Twenty-six color palettes, a few hundred rotating lines, and a lot of subtle circles. That’s all this piece is. But what do you see in it? What does it make you feel? It started with waves, then lines windmilling over one another, later some tangles of webbing. The result? A lace-like homage to where I spent my fortieth birthday one year ago, almost to the week, exploring the island of Burano in the lagoon just north of Venice, Italy. Here we were wandering the shops of a multi-generational community of artisans dedicated to the craft of lace. And almost equally inspiring were the houses lining the small canals through town — bursting with breathtaking color that made you feel, know, that you are alive.
Later in the day we took the ferry to another nearby island to see the work of Vera Molnár, a true legend and inspiration in generative art, who at ninety-eight was exhibiting for the first time in the Venice Biennale. Being there at this important moment in her career came as a surprise to me, because although I’d enjoyed work like this in museums before, only eight months prior had I finally put the name generative to it. Once I understood what it was — once I could name it — a fork appeared in my path, and I knew there was no other way I could go. So like many recent algorithmic artists, I taught myself to code that winter mostly from YouTube videos by Daniel Shiffman, but it was one key video by Daniel Simu that I returned to again and again, and in the loop of those thirty short minutes he helped change my life.
Over the next fourteen months, I released a couple projects on fx(hash), collected compelling work, launched a curation publication called fxGems, and started getting inquiries to curate abroad. I was so busy, in fact, that I didn’t think I would have time to participate in Genuary 2023. But then January 2nd arrived, and the day’s prompt was "Made in 10 minutes.” I could do ten minutes, I thought. I’d already built a simple boilerplate template I could start with. I had a small idea in my head, about lines rotating from one side of the canvas to the other and leaving a trail in their wake. I had this.
I did not have this. At ten minutes, all I had in the middle of the canvas was a single unmoving line. I’d been so busy curating that I hadn’t coded much in the previous few months, and I had completely forgotten how rotate() and translate() worked. Thank goodness for the p5 reference page — and sure enough, little by little, line by line, the piece came together. At twenty-six minutes, the core essence of what would become Lace Factory was on the canvas, and I was captivated. It reminded me of walking along the canals of Burano, the lacemakers showing us around their shops, the old woman in the corner crafting an intricate piece by hand. The small lace-trimmed table runner we’d brought home with us to remember this magical place. It was all there on my screen, captured in this sketch seven months later, more or less to the day.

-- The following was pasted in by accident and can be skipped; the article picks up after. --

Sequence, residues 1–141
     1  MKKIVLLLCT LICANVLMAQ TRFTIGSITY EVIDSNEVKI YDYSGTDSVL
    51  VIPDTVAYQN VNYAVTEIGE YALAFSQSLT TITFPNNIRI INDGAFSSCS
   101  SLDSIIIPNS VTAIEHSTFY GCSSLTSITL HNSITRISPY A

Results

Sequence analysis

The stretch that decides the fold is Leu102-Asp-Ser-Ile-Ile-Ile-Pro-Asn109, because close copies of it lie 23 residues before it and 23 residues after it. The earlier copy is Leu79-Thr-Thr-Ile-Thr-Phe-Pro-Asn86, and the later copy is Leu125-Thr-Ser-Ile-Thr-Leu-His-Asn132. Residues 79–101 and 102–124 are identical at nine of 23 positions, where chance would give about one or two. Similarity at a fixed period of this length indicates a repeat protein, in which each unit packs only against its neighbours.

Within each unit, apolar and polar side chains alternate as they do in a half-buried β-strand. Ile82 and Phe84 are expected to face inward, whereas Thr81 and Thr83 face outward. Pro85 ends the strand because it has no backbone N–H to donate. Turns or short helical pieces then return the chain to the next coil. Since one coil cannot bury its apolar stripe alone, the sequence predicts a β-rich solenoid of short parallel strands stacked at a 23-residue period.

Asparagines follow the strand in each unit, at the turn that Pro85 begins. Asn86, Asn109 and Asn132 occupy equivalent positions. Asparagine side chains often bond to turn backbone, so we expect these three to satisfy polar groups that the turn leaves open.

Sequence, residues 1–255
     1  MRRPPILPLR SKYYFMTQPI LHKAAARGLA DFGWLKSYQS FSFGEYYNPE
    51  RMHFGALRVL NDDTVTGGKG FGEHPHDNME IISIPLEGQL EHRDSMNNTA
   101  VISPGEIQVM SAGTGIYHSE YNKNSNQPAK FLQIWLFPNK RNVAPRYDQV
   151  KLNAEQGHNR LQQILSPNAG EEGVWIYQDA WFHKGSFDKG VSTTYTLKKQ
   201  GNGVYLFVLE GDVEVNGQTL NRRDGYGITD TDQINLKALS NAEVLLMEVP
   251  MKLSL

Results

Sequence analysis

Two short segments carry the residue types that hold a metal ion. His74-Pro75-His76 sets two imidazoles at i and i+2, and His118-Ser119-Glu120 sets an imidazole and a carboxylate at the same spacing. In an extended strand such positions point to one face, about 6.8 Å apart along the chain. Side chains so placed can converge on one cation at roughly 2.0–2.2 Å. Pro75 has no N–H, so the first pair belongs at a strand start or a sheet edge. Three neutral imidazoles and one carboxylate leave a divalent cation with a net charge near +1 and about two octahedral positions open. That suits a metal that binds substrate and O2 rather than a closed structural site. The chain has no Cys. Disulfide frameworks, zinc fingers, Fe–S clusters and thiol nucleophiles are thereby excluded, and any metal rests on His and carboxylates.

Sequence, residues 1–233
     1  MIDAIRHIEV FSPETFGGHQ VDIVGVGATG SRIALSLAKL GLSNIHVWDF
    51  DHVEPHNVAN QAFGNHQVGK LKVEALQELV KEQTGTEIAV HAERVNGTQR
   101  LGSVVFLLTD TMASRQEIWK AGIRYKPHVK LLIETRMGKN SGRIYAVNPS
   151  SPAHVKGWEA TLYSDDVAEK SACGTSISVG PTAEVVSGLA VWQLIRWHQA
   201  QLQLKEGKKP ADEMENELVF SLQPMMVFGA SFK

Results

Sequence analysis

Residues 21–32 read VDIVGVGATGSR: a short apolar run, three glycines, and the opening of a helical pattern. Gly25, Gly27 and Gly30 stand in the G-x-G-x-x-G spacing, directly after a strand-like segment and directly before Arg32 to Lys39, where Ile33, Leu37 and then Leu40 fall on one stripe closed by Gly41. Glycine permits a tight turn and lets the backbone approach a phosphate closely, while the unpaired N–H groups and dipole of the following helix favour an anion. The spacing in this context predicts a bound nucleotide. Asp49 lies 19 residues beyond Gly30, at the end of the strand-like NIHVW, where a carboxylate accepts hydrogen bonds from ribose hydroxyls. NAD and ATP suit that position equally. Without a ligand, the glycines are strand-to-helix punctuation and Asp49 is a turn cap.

Oh, and the person who contributed that 10min Genuary prompt to the list? Daniel Simu.
I spent four more hours on my “quick” sketch that night. I found different ways to move the lines through the canvas, played with changes in angle and speed, dropped some light circles in for texture — but the key breakthrough, right at the end of the night as I was about to pack it in, came from adding a final layer of luminescent waves cresting across the canvas, and it glued it all together. The images that emerged then were far more compelling than my ability or original vision could execute or apprehend.
The final piece took many more months of work, including a complete refactor to introduce classes and objects and constructors so the resolution of the canvas could properly scale, thanks to some invaluable code snippets from Amy Goodchild and the GenArtClub. Thanks also goes out to Will Demaine for going above and beyond with the final Alba integration when I was short on time.
Please note that this work uses a couple p5.js blendModes. As a result, there is some slight tonal variation in the final pass of those luminescent lines between browsers. For the canonical view of the piece, one should rely on Google Chrome version 114.
For a hi-res output, append ?width=W to the end of the URL, where W is the value in pixels for the width and height of the canvas. A 7200 pixel output should enable you to make a good 24” x 24” print at 300dpi, while entering 16200 pixels (nearing the top value most browsers and CPUs can currently handle) should empower you to go as large as 54” x 54” at 300dpi.